A supervisor of elections is the person who oversees the electoral process
in the county or state.
These election officials work to ensure that fair elections take place.
They are responsible for maintaining voter registration rolls, conducting
county, state, and national elections and supervising absentee voting. They
are also the people called upon to make decisions about the legal workings
of the electoral process.
Although elections are not held every day, election officials have plenty
of work to keep them occupied. When there are no elections happening, there
is voter education, campaign finance reports and poll worker recruitment and
training that must be done regularly.
In the U.S., if there is a bill that is related to the electoral process
being reviewed and voted upon by Congress, election officials are usually
involved. They provide opinions about the impact of the bill. They also lobby
for the passing of a bill.
Supervisors of elections are elected. Election officials are required to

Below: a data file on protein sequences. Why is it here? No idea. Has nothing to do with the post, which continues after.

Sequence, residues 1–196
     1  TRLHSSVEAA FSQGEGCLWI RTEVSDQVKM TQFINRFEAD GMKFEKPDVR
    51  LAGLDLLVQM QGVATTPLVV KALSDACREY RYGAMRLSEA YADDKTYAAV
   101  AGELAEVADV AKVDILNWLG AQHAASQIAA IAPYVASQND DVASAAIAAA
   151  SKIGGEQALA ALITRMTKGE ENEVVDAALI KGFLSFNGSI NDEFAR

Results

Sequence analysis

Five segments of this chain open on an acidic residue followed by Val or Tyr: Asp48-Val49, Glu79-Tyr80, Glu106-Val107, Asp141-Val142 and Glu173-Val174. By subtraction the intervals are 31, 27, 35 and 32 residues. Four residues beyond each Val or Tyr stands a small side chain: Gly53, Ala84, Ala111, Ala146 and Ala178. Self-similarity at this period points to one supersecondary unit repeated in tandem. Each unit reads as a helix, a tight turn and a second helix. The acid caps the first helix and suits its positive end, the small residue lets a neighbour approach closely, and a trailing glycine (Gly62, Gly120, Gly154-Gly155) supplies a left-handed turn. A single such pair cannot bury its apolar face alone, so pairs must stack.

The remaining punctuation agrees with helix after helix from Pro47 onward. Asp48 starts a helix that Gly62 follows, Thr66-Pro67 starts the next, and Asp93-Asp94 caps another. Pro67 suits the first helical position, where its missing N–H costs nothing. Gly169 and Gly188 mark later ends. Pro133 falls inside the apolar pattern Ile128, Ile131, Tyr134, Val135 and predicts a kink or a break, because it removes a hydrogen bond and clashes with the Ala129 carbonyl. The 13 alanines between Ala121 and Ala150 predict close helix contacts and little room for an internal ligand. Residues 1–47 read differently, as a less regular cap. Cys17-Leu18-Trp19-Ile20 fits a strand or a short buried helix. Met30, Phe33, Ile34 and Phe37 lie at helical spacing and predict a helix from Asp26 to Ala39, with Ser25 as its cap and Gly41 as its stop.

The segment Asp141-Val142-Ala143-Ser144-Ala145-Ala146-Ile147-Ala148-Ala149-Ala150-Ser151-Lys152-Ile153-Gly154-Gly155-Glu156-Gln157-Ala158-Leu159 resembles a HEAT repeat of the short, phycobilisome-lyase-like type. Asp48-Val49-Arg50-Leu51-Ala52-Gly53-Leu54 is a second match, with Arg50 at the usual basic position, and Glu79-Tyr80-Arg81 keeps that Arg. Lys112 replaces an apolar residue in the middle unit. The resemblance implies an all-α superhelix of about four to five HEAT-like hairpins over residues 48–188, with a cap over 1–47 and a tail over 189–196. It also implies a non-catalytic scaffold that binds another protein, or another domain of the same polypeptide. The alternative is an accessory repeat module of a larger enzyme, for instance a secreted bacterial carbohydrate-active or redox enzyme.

be non-partisan. That means that they may not be affiliated with any political
party involved in the elections.
Because election officials work during normal business hours, their typical
day is from 9 to 5. However, during elections, those hours may be extended.
In some cases, officials might work 16- or 18-hour days. There are also occasions
where an election official is asked to speak publicly during the evening hours.
Most of the work that an election official must do is done in an office.
There are no physical requirements for this job. However, those with hearing
or sight disabilities may require special equipment or staff members to help
them communicate more effectively.